If I buy an ebook from a non-Amazon supplier (Indie, etc), I get my pdf, epub, and emobi (Kindle) files. I can then share these files with my friends and family. If I buy from Amazon, I need additional technical knowledge before I can 'crack' the file and send it to friends and family. OK, this is annoying but not insurmountable.
I buy a LOT of audio books from Audible (another Amazon company). I love them. I walk for 3-4 hours a day and there is nothing better than doing so with a new book narrated into my ear. As I don't have many friends (yes, boo hoo me), I have never wanted to share my books that I have 'purchased'. Now, my brother has signed up and has become addicted to the siren-call of quality audio books. It is great value and allows you to listen to fantastic titles from business to classics to romance and thrillers. No argument there. BUT, I can't share my books with him, nor him with me.
This made me think about what is happening to our society in general. Microsoft made the brilliant business decision to licence its software to IBM. IBM didn't care; it was only interested in making computers. Who cared about software? Over the decades, this licensing arrangement has become the norm. No one owns anything. Everything is a licence. You can't share or sell or enjoy any of the usual attributes of ownership.
In my research into the First Nations of Canada, I was struck at their members not being fully cognisant of the concept of ownership. I would suggest that many non-legally trained people also lack the full understanding of ownership. Over the centuries, we have sliced (salami-like) our ideas of ownership into various categories: legal, beneficial, reversionary, and so on. People would receive life-tenancies, or fixed tenancies. The government would regulate and enforce these forms of ownership and people became confident enough in the structures to start funding those with ownership. The banks/lenders would take security against one's legal, beneficial, or reversionary title. They would take security against leases or freeholds. They would take security against projected cashflows. All of this requires ownership.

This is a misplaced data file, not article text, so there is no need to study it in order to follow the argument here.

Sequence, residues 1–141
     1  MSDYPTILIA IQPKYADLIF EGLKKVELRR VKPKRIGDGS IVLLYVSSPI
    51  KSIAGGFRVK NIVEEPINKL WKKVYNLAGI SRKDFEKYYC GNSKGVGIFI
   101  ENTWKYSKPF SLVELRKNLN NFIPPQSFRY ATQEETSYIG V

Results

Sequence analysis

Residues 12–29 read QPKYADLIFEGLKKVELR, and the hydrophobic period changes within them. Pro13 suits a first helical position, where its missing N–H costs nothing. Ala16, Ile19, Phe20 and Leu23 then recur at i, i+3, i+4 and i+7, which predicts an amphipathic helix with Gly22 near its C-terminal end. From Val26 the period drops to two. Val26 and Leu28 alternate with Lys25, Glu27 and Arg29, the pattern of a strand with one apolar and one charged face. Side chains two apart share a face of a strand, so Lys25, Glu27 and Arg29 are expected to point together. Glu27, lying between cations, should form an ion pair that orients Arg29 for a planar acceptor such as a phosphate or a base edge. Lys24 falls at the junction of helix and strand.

In London, and throughout England, the richest families have been allowed to retain freeholds while leasing out the property that sits on top of it. Think of the Portman Estate, and much of the best parts of central London. All of this allows people who sit along that ownership spectrum to licence, lease, borrow against, sell and do what they want with the asset in question (subject only to the contracts to which they have restricted themselves).
However, if all we own are licences such as the ones we receive from Microsoft, Apple, Amazon and other proprietary business models, we are doomed to head in one direction--serfdom. Many people rent their homes (in Germany, it is almost 70%, in the UK, almost 30%). Almost all software is licensed. We are expected to act as a consumer or use the software to create more value. Most of us simply consume. It is like a piece of fruit. We never own something like this. It is perishable. Like fruit, we can eat it and become strong or we eat it and do nothing. Most of us eat and subsist.
Licencing of software has been a wonderful innovation to allow for companies such as Microsoft, Apply, and Amazon to become insanely big and powerful. But, it is also eroding our ability to be the masters of our own destiny. Instead, we are becoming pawns on a chessboard, constantly monitored and sold additional consumable 'add-ons'. Merely being on the chessboard doesn't make us players. Someone else is always in charge.
Until we recognise this vulnerability, we will continue blindly down this alley until it may be too late. The next generation is growing up without a concrete sense of ownership. They are growing up in systems created by others where nothing is owned by those within the system.
Just a thought.